Instead, he and his wife are fulfilling their goal of building a new $350,000, four-bedroom home in the Dallas suburb of Lewisville, where they plan to retire. Its a big relief, said Mr. Shah. We went through some rough times, but now Im comfortable and dont have to worry about my retirement.
What a happy story. Heres a couple that improved its balance sheet by $1 million simply by walking away from mortgages.
Hey, wait a minute. Surely, those debits were someone elses credits. What happened to the million bucks?
Oh, dont play dumb, dear reader. You know how the system works. The mortgages were held by banks. The banks wrote off $118 billion last year. Other mortgages were included in packages known as derivatives. When they went bad, the banks sold them to the Fed, which included them on its list of assets.
In 2007-2009 the banks faced losses that would have wiped many of them out including the biggest. But what are the feds for if not to protect half-wits, incompetents and bankers? So, the bankers were allowed to dump their mistakes on the Fed and the public. Zero interest rates then allowed them to restock their bonus pools while force-feeding debt onto the whole society.
You have to marvel at it. It is as though the debt just disappeared. Trillions worth.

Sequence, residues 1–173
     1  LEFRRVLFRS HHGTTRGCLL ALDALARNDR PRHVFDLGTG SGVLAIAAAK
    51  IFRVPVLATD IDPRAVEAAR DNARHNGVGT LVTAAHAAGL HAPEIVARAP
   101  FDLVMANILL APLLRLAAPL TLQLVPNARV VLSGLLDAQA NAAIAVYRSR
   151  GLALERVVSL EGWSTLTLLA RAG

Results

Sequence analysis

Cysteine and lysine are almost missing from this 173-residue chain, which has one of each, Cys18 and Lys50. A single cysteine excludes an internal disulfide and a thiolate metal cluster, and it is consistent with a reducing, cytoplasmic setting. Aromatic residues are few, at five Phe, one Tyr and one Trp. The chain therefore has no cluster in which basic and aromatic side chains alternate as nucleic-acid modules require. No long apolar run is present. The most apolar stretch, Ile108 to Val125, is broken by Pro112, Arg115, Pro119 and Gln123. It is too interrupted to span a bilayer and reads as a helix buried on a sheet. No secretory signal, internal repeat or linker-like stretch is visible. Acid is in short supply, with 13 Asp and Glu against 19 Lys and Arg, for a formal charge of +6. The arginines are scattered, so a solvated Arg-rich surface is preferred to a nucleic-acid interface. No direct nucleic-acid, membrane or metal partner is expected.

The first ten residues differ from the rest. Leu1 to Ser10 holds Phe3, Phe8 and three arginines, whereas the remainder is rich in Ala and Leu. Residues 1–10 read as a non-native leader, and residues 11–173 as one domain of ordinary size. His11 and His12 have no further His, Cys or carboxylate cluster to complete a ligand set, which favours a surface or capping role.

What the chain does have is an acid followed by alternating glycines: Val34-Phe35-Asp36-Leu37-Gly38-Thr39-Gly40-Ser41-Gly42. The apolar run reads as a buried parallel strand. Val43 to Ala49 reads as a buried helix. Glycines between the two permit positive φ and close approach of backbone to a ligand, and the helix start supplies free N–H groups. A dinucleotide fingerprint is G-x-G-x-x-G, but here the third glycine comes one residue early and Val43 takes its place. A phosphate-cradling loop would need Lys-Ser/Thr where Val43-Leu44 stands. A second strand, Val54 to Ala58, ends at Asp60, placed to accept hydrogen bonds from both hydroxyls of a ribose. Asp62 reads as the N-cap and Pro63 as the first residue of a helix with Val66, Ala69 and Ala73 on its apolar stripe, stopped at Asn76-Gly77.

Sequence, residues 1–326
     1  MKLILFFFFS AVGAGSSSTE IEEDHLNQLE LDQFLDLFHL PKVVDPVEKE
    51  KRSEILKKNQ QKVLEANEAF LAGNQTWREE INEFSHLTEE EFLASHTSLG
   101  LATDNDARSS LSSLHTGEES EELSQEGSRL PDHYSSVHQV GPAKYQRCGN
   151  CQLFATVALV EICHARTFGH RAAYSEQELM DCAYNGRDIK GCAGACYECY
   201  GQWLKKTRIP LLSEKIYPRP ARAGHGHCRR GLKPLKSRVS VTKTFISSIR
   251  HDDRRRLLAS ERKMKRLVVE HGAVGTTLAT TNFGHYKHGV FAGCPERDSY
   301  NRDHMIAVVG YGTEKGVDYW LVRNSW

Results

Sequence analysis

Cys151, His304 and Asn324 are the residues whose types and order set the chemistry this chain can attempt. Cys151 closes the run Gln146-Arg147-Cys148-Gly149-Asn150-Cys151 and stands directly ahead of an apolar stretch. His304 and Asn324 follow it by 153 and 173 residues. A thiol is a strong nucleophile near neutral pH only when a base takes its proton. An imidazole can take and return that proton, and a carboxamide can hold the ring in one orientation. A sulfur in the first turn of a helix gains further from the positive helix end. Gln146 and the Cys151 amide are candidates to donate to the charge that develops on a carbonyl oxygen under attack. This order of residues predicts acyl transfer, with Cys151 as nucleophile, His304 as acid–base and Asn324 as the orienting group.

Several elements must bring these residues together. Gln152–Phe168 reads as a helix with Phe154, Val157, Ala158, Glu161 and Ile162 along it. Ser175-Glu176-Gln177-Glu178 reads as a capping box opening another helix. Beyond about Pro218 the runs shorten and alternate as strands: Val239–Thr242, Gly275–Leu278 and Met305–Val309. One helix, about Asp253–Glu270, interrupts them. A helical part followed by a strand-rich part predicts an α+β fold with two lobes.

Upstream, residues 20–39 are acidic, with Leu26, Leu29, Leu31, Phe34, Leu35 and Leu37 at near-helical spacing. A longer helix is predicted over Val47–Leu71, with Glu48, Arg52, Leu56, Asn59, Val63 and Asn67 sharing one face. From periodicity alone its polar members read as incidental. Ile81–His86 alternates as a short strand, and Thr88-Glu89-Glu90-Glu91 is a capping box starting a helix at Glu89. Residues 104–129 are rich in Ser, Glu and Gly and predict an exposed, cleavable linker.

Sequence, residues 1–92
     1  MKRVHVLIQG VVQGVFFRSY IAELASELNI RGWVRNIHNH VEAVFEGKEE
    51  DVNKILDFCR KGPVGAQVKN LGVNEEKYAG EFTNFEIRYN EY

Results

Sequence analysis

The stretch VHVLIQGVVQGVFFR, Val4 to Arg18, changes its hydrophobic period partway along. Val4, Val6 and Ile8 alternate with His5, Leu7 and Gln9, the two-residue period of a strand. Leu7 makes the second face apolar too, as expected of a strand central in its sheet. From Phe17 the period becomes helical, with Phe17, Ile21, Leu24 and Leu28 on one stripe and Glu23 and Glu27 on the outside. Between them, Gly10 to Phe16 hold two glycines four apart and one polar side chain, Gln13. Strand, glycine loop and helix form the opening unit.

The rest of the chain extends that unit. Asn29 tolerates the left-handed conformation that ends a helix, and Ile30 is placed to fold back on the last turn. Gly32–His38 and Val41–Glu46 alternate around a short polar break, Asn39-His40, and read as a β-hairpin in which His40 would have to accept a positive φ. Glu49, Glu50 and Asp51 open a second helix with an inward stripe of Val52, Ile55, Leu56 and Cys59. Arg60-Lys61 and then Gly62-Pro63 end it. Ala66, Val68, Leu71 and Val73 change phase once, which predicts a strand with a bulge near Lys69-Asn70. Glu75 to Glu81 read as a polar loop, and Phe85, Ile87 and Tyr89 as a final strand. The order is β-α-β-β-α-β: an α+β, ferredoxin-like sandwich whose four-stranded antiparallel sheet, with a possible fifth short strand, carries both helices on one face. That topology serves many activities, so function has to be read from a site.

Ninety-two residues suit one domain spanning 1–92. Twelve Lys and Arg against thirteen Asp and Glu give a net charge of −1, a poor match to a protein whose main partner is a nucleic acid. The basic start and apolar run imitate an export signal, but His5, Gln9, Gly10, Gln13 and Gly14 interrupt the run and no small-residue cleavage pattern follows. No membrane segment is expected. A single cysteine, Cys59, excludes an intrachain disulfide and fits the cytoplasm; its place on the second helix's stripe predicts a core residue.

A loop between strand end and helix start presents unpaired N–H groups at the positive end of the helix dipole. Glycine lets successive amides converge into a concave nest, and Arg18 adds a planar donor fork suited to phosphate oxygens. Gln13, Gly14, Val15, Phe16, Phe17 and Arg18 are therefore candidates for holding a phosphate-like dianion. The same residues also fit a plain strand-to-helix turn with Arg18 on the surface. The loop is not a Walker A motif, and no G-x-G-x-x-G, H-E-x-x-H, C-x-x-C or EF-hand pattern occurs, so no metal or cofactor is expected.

And now what? Private households may still be reducing their debt, but the financial sector with the Fed behind it is off to the races again. Corporations are going into the marketplace, borrowing money and distributing it to their owners.
The Financial Times:
Economist Andrew Smithers points out that in the first 9 months of last year, non-financial corporations, listed and un-listed, paid out more to shareholders than they made in profits. In other words, they took advantage of record low interest rates to transfer money from lenders and bondholders to shareholders.
Yes, dear reader, the world may not be going back to the naive bubble of the 05-07 years. No one would want it to. Its moving on to a new bubble. Total bank loans are still below the level of 2009. But theyre going up. Cov-lite loans those with little protection for the lenders are coming back. Even interest only loans are making a re-appearance.
Capital is changing hands from the fools to the knaves. Private equity hotshots are borrowing money at low rates so they can pay themselves. The underlying business is weakened with debt; but nobody seems to care.
The other sector of the economy that is leveraging up in a big, big way is government. Here again, the money goes from the fools to the knaves. Government squanders the money in all the usual ways. But lenders still believe they will get it back. Our guess is that the lenders will be wrong. They are making a bad bet. They will not be repaid.
Reprinted with permission from The Daily Reckoning.
Bill Bonner is the author, with Addison Wiggin, of Financial Reckoning Day: Surviving the Soft Depression of The 21st Century and The New Empire of Debt: The Rise Of An Epic Financial Crisis and the co-author with Lila Rajiva of Mobs, Messiahs and Markets (Wiley, 2007). Since 1999, Bill has been a daily contributor and the driving force behind The Daily Reckoning.